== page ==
FAIRMONT — O2 Energies Inc. shed some light on its forthcoming solar farm in Fairmont during a project meeting Thursday.
After a year and a half of development, Joel Olsen, president of the Cornelius company, announced that construction on the $13 million farm is slated to begin within the next three weeks.
The farm will be located on Turkey Branch Road and will supply power to 825 homes. Construction of the farm will be overseen by FLS Energy, a company based in Asheville. The farm is expected be up and running by Oct. 1.
During the meeting, which was held inside the Fairmont Heritage Center, Olsen addressed a small crowd that included Fairmont Mayor Charles Townsend, former Mayor Charles Kemp, Commissioner Amelia Ann McLean, and Robeson County Economic Development Director Greg Cummings.
“We want to thank everyone who has been involved in helping us get to this point,” Olsen said. “We consider ourselves part of the community and want to remain so.”
As a token of his appreciation, Olsen donated a check for $200 to the Border Belt Farmer’s Museum and Welcome Center.
“We like to support causes that both protect the history and the culture of the community and agriculture has been the backbone of Robeson County,” Olsen said.
Kemp, who currently works as a curator at the Border Belt, accepted the donation of behalf of the museum.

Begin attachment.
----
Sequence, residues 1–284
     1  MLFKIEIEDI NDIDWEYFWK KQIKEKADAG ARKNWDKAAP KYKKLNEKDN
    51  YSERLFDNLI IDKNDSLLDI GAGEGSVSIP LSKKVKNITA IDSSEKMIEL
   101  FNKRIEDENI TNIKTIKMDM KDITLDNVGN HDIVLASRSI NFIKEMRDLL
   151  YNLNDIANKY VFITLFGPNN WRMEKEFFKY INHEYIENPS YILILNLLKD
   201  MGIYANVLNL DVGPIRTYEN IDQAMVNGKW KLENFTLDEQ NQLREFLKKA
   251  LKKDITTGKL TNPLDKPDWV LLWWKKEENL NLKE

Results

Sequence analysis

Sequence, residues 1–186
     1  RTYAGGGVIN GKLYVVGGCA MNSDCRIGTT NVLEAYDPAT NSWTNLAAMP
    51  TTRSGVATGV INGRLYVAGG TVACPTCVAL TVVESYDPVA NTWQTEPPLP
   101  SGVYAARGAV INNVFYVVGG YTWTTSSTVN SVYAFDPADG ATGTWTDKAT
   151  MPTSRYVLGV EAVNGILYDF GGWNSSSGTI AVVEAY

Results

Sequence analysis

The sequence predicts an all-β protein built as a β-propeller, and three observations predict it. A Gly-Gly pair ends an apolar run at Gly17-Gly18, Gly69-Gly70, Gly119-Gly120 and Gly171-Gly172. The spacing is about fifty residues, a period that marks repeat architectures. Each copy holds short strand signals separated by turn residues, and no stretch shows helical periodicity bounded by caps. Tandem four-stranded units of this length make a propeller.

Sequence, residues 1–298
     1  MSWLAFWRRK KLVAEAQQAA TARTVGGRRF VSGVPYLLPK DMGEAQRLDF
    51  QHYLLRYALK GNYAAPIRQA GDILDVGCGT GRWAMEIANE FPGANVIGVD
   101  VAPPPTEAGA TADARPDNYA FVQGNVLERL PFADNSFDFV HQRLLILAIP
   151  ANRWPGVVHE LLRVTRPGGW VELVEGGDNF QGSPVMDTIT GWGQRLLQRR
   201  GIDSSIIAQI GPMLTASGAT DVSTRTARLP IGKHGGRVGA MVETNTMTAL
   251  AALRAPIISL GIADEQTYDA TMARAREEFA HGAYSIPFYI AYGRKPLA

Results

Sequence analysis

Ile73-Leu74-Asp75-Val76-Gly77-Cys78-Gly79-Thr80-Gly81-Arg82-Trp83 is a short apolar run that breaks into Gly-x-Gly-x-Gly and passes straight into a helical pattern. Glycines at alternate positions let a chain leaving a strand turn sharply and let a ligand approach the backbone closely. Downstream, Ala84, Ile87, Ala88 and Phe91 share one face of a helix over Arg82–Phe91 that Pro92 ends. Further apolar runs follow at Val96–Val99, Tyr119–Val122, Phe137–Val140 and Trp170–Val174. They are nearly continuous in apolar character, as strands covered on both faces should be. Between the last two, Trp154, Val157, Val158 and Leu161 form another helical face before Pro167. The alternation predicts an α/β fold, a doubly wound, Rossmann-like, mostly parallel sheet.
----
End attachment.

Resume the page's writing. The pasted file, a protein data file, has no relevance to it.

“You ought to be commended for the enormous concentration of faith and trust that you’ve placed in this town,” Kemp said.
In 2012, O2 Energies developed a 25-acre solar farm near Fairmont High School, as well as a farm in Maxton. The Turkey Branch farm will occupy 30 acres of land and will generate five megawatts of electricity.
“This farm is about 30 percent larger than what we did at Fairmont High School, so it’s a major project,” Olsen said.“The only land disturbance is trenching. On a 30 acre site, you may disturb half of an acre. Some companies will just scrape all the topsoil off, which is not something that needs to be done.”
Once the farm is operational, it will serve as a pasture for free-range sheep to graze.
“The sheep maintain the grass without using diesel fuel,” Olsen said. “And they make no sound, except for “bah” every once in a while.”
As many as 80 people will be working simultaneously on the project during the peak of construction, according to FLS Energy Project Manager Holly Crabill.
“The panel installation takes about 30 days and you need a lot of hands to put it all together,” she said.
Olsen believes the farm will prove to be a valuable asset in enticing businesses to locate to Fairmont.
“More power’s going into the grid and for the local grid, it’s reducing the total load on the substation. The town can accept new businesses without additional investment to the infrastructure,” he said. “It brings a lot of positive attention to Fairmont and it ties in really well with Fairmont’s image.”